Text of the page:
OTTAWA — Consumer advocates say a rare consensus is forming among the major political parties ahead of the federal election that Canadians need to be protected from gouging by the country’s big telecom companies.
Even before the official campaigning begins for the Oct. 21 vote, all the major parties are pledging to find ways of curbing increases to telecom rates.
The New Democrats laid out their plan for reducing wireless and internet-service rates in June, vowing to impose a price cap on monthly bills that they estimated will save households about $10 a month for each service.
Recent media reports have indicated the Trudeau Liberals are preparing a campaign pledge to reduce cellphone and internet costs either through a cap on monthly bills or by requiring major service providers to offer mobile virtual-network operators wholesale access to their infrastructure.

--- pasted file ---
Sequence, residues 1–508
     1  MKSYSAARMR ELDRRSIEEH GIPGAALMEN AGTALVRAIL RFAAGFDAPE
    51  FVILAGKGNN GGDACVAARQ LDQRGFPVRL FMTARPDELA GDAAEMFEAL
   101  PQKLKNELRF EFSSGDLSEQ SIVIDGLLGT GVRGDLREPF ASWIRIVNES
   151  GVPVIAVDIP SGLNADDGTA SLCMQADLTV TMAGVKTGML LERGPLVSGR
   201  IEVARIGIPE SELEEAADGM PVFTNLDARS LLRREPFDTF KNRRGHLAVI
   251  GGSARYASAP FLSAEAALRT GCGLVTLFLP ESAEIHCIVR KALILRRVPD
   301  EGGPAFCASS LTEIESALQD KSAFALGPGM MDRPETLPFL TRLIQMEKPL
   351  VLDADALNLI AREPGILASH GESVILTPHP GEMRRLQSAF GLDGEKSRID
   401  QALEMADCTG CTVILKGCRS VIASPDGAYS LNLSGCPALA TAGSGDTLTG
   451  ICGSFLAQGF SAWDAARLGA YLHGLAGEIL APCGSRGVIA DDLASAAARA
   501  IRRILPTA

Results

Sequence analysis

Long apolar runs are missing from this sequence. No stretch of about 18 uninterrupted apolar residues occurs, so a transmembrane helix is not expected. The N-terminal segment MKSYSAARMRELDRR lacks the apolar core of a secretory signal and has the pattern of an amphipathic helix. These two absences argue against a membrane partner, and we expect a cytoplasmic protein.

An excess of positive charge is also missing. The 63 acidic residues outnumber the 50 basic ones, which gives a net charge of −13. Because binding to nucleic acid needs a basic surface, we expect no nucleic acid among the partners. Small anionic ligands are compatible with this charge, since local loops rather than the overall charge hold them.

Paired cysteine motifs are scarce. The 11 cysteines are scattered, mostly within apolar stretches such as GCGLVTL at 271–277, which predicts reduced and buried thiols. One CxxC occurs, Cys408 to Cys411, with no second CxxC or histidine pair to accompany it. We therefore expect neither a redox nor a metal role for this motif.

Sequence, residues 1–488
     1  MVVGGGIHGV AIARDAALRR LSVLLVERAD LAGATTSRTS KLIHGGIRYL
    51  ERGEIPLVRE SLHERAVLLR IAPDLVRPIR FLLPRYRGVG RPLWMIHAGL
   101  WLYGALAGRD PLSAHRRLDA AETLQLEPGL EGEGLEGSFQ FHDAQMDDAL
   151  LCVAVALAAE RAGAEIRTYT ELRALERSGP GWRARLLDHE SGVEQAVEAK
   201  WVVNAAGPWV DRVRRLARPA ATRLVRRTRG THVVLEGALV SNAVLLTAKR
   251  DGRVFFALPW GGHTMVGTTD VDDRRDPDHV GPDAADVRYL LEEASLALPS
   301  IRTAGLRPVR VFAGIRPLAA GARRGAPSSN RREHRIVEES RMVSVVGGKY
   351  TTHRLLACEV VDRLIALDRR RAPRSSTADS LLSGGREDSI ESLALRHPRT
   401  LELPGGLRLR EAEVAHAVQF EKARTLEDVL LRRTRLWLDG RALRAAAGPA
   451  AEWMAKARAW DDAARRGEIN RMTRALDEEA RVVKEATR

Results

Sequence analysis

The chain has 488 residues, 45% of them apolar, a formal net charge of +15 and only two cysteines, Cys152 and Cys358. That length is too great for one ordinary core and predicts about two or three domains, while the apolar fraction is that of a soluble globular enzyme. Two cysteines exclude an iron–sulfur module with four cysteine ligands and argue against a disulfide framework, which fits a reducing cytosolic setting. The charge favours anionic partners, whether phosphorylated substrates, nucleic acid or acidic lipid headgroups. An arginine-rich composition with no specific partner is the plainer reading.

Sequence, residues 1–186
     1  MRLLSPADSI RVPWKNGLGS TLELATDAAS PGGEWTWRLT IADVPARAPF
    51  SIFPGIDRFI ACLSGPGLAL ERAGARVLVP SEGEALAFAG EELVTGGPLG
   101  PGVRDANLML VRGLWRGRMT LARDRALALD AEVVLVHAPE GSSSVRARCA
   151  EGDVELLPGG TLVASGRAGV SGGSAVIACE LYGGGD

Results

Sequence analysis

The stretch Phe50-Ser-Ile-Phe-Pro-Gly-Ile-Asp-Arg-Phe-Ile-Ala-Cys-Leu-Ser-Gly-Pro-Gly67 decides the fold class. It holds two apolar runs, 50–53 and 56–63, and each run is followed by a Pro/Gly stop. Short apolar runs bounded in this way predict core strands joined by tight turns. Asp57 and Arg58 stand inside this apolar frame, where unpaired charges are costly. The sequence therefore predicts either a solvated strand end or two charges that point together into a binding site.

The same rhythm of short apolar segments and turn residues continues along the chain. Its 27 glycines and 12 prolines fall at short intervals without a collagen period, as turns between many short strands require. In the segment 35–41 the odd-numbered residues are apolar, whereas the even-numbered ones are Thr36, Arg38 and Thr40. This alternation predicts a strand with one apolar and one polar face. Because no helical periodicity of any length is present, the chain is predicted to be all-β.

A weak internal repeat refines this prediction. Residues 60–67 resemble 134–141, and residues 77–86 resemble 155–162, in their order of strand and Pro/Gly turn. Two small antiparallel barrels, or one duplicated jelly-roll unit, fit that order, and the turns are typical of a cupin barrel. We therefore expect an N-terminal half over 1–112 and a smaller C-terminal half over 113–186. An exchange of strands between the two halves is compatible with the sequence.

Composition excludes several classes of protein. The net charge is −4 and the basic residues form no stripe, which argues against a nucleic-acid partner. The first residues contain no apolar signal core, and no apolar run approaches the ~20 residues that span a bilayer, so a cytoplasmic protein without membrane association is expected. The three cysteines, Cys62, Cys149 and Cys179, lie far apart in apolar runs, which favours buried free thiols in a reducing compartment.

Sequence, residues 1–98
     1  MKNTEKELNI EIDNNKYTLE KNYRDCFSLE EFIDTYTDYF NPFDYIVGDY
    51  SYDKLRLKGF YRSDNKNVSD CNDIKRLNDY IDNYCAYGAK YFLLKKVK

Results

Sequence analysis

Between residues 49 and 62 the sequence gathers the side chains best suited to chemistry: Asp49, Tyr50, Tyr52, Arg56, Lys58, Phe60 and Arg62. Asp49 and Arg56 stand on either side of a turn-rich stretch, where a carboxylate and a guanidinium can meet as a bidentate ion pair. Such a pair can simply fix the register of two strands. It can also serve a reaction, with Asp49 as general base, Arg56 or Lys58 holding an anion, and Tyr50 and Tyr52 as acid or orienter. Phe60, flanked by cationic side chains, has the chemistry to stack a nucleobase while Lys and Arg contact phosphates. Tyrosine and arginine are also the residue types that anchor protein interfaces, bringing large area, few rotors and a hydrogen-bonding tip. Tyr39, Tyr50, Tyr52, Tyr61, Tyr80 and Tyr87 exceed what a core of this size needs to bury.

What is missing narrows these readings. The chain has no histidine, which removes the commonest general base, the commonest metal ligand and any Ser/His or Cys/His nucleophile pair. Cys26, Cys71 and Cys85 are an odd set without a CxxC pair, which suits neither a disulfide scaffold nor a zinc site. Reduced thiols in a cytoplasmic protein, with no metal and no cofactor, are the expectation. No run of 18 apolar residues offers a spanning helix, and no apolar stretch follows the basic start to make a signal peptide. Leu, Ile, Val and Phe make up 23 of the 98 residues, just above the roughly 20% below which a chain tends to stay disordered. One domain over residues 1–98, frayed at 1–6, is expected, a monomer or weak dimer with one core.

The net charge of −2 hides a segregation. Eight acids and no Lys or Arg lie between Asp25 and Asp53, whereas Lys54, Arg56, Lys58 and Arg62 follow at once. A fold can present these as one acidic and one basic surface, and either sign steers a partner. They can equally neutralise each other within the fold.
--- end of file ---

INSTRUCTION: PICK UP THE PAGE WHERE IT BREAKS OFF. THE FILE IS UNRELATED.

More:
The Conservatives under Andrew Scheer have criticized the Liberals for being ineffective on the subject, but have not laid out their own plan to deal with a rising household cost.
Industry players warn that attempts at rate-fixing could result in reduced investment in critical infrastructure, particularly as Canada heads toward development of 5G networks across the country.
John Lawford with the Public Interest Advocacy Centre says if rates for internet, cellphone and other telecom services are a political football, that’s because the service providers have done nothing to take themselves off the radar of the political parties.
Consumer watchdog organization OpenMedia says big telecom has been gouging people in Canada for far too long and change is long overdue.
The Canadian Press